Okavango Delta

One of the most special nature reserves in Africa is the Okavango Delta, a huge swamp area that is fed by the 1600 km long Okavango river. The river rises in the highlands of Angola and then flows through Namibia to finally flow into Botswana and flow into the Kalahari. The domestic delta that this has created is the largest in the world, with an area of 15,000 square kilometers. The area consists of a system of river arms and streams, thousands of forested islands, grasslands, savannah and beautiful reed, water lily and papyrus fields.

Millions of years ago the Okavango River flowed into a large inland lake called Lake Makgadikgadi. Tectonic activity and climate change interrupted the flow of the river, Lake Makgadikgadi dried up to salt pans and the Delta was formed.

The water of the Okavango takes almost 9 months to reach the end point at Maun in Botswana from Angola because there is little difference in height. The rain that falls in Angola from October to April does not reach the Delta until June. As a result, the water in the Delta is highest in the dry season and many of the small islands have been flooded. The Okavango Delta can be visited all year round, but the best time to see wildlife is from May to October. The period from November to April is the most suitable for seeing birds and flowering flora. To get a good impression of the area, a small plane or helicopter flight is worth it.

The marsh population consists of hippos, crocodiles, snakes, turtles, water lizards, lizards and many species of fish and insects. You can also encounter lions, giraffes, buffalo, zebras, wildebeests, kudu, leopards, wild dogs, hyenas, cheetahs, baboons and some rare antelopes during a safari. You will get the true Okavango safari feeling when you take a walking safari on one of the islands with a guide. During a stay in the Delta, a boat trip in a traditional canoe, a ‘mokoro’, which is propelled with a long pole by a ‘poler’, cannot be missed. Be immersed in the tranquility of the crystal-clear water and the labyrinth of small waterways while you silently sail between the reeds and the lilies. You can spend the night in the Delta, but there is no running water or electricity at the ‘campsites’, so you have to love nature’s back to basics. You will always be accompanied by local guides who will take you to your residence with the mokoro. A campfire will always be lit to keep wild animals at bay. More on the edge of the Delta you will find excellent campsites and accommodations from which you can make trips into the Delta.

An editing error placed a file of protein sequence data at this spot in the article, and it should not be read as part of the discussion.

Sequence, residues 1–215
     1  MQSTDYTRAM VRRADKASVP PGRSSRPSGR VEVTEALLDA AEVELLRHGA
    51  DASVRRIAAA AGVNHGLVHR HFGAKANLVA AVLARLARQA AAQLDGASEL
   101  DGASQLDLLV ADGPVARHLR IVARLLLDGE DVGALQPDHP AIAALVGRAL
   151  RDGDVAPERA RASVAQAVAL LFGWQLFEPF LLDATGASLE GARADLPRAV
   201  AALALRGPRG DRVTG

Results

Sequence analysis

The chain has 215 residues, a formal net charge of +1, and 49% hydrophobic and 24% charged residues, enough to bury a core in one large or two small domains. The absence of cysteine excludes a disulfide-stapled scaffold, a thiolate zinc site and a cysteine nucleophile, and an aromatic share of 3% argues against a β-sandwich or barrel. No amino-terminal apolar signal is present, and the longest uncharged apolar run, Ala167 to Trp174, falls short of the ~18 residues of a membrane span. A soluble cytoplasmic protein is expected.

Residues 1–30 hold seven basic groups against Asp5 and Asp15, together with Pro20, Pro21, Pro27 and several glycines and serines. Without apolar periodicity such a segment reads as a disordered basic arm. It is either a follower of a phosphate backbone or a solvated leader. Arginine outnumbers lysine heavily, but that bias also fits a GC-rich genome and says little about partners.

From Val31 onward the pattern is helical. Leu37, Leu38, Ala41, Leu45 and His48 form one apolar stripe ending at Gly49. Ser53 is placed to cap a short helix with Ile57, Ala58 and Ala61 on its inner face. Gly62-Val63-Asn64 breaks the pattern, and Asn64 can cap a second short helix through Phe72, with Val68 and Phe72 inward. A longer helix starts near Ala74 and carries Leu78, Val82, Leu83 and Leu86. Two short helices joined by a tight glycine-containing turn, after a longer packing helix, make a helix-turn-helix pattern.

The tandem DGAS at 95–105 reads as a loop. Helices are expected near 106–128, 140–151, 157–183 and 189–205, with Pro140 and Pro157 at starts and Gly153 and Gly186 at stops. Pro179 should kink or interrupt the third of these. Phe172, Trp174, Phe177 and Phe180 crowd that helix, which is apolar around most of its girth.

Most of the lodges are located in the Moremi Game Reserve on the north-east side of the Delta. This reserve has no fence and animals can move freely in and out of this part of the Delta. The lodges are all luxurious and reasonably priced, this to prevent mass tourism and to protect the natural beauty of the flora and fauna within the Delta. Here you can make good game drives by 4×4 car or on foot with experienced guides. Spending the night in Maun and making a trip to the Okavango Delta from there is also possible.